Ludwig van Beethoven (pronounced ['be.to.v?n]) (baptized December 17,
1770 – March 26, 1827) was a German composer and pianist. He is
widely regarded as one of history's greatest composers, and was the
predominant figure in the transitional period between the Classical
and Romantic eras in Western classical music. His reputation and genius
have inspired—and in many cases intimidated—ensuing generations
of composers, musicians, and audiences.
Born in Bonn, Germany,
he moved to Vienna, Austria, in his early twenties, and settled there,
studying with Joseph Haydn and quickly gaining a reputation as a virtuoso
pianist. In his late twenties he began to lose his hearing, and yet
continued to produce notable masterpieces throughout his life in the
face of this personal disaster, even after his deafness became absolute.
Unusually among his contemporaries, he worked as a freelance composer,
arranging subscription concerts and being supported by a number of wealthy
patrons who considered his gifts extraordinary.
Beethoven was born
at 515 Bongasse, Bonn, Germany, to Johann van Beethoven (1740–1792)
and Magdalena Keverich van Beethoven (1744–1787). Beethoven was
baptized on December 17, but his family and later teacher Johann Albrechtsberger
celebrated his birthday on December 16.
music teacher was his father, a musician in the Electoral court at Bonn
who was apparently a harsh and unpredictable instructor. Johann would
often come home from a bar in the middle of the night and pull young
Ludwig out of bed to play for him and his friend. Beethoven's talent
was recognized at a very early age. His first important teacher was
Christian Gottlob Neefe. In 1787 young Beethoven traveled to Vienna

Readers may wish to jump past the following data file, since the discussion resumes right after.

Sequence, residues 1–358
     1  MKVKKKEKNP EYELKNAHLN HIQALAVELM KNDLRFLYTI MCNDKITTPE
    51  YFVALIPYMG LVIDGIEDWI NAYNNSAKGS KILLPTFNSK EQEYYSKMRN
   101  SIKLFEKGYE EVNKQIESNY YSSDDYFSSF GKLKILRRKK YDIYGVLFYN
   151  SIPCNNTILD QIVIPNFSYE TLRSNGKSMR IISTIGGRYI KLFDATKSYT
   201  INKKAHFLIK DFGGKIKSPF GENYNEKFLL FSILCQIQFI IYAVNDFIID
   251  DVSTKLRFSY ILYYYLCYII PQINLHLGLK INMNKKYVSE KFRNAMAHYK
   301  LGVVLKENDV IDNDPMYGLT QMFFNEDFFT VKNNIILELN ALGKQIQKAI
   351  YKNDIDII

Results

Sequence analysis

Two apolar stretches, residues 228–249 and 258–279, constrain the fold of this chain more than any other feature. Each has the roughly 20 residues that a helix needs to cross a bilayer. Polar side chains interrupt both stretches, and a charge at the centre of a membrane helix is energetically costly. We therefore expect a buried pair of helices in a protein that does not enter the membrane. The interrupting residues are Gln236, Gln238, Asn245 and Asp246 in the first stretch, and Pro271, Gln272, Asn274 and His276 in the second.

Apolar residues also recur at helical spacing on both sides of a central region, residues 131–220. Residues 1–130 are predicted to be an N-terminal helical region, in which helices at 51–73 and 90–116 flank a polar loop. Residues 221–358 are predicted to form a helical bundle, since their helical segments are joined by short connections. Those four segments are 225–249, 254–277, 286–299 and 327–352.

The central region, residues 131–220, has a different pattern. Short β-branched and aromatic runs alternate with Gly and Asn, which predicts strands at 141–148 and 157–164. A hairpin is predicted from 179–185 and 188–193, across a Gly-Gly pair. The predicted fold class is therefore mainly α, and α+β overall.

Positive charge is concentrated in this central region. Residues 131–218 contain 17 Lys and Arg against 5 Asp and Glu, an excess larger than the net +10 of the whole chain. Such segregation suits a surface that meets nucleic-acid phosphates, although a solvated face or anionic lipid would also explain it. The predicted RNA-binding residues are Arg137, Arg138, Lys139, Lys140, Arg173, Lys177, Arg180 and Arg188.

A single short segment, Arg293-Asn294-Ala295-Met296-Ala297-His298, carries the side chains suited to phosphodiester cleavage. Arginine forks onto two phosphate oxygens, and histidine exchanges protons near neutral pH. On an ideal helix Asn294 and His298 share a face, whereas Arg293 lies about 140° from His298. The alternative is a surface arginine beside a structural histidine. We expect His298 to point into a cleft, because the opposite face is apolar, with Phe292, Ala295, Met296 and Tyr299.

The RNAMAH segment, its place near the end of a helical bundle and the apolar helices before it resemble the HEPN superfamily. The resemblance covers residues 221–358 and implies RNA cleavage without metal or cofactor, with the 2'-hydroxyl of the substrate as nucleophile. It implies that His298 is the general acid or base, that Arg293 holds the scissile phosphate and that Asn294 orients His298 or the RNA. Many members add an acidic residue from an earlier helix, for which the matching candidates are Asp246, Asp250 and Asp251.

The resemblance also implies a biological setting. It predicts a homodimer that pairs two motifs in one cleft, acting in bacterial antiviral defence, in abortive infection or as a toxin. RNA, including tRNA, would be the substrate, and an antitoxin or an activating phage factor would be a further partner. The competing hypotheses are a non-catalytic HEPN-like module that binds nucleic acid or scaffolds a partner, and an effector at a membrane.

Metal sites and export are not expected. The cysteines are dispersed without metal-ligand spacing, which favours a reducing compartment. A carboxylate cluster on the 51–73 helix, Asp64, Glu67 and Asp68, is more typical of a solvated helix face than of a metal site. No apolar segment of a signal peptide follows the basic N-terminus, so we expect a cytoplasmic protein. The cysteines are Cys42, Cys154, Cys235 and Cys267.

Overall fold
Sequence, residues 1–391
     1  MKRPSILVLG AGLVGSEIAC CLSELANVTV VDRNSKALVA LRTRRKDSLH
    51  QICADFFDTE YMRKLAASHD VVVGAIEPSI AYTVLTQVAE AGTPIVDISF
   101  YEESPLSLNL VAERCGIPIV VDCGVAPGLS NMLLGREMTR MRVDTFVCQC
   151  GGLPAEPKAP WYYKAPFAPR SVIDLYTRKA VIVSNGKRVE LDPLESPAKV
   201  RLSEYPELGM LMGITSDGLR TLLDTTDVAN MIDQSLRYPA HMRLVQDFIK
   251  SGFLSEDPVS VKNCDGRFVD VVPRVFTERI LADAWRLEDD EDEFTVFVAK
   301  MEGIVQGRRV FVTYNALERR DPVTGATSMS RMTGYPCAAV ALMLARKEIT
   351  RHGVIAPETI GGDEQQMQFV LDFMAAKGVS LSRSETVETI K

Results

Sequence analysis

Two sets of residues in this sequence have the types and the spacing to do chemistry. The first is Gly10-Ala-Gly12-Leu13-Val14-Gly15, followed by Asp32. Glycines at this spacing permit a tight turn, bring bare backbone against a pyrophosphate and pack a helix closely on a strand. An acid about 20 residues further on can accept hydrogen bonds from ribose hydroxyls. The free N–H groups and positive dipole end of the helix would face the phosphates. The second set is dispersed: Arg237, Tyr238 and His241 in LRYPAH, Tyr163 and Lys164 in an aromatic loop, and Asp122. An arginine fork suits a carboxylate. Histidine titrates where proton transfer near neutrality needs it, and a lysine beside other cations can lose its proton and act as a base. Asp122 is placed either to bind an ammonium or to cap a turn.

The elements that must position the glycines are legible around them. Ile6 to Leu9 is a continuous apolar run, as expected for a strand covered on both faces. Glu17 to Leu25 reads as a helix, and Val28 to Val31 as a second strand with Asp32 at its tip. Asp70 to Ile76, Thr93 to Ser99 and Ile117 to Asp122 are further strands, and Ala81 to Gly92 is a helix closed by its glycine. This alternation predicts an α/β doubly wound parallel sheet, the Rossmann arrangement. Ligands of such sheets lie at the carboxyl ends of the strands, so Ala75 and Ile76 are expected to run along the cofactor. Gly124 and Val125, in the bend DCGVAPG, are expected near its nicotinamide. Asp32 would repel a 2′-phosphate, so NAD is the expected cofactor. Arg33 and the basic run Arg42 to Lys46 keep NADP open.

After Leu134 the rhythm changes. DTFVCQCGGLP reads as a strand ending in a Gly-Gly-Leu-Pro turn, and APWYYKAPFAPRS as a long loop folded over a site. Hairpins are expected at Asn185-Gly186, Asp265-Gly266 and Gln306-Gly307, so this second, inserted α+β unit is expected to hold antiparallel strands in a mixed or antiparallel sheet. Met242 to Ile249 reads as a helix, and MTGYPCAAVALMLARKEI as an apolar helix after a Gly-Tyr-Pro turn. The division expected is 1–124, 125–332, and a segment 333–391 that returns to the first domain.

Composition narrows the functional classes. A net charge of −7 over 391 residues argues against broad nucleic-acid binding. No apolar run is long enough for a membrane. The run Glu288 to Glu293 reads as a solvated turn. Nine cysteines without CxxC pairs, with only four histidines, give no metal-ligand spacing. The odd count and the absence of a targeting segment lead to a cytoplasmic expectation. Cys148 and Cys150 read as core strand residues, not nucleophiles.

for the first time, where he may have met and played for Mozart. He
was forced to return home because his mother was dying of tuberculosis.
Beethoven's mother died when he was 16, and for several years he was
responsible for raising his two younger brothers because of his father's
to Vienna in 1792, where he first studied with Joseph Haydn in lieu
of Wolfgang Amadeus Mozart, who had died the previous year. Beethoven
immediately established a reputation as a piano virtuoso. His first
works with opus numbers, the three piano trios, appeared in 1795. He
settled into the career pattern he would follow for the remainder of
his life: rather than working for the church or a noble court (as most
composers before him had done), he supported himself through a combination
of annual stipends or single gifts from members of the aristocracy,
income from public performances, concerts, and lessons, and sales of
portraitBeethoven's career as a composer is usually divided into Early,
Middle, and Late periods.
In the Early period,
he is seen as emulating his great predecessors Haydn and Mozart while
concurrently exploring new directions and gradually expanding the scope
and ambition of his work. Some important pieces from the Early period
are the first and second symphonies, the first six string quartets,
the first two piano concertos, and the first twenty piano sonatas, including
the famous Pathétique and Moonlight.
The Middle period
began shortly after Beethoven's personal crisis centering around deafness.
The period is noted for large-scale works expressing heroism and struggle;
these include many of the most famous works of classical music. Middle
period works include six symphonies (Nos. 3–8), the last three
piano concertos, triple concerto and his only violin concerto, five
string quartets (Nos. 7–11), the next seven piano sonatas including
the Waldstein, and Appassionata, and his only opera, Fidelio.
period began around 1816 and lasted until Beethoven's death in 1827.
The Late works are greatly admired for and characterized by their intellectual
depth, intense and highly personal expression, and experimentation with
forms (for example, the Quartet in C Sharp Minor has seven movements,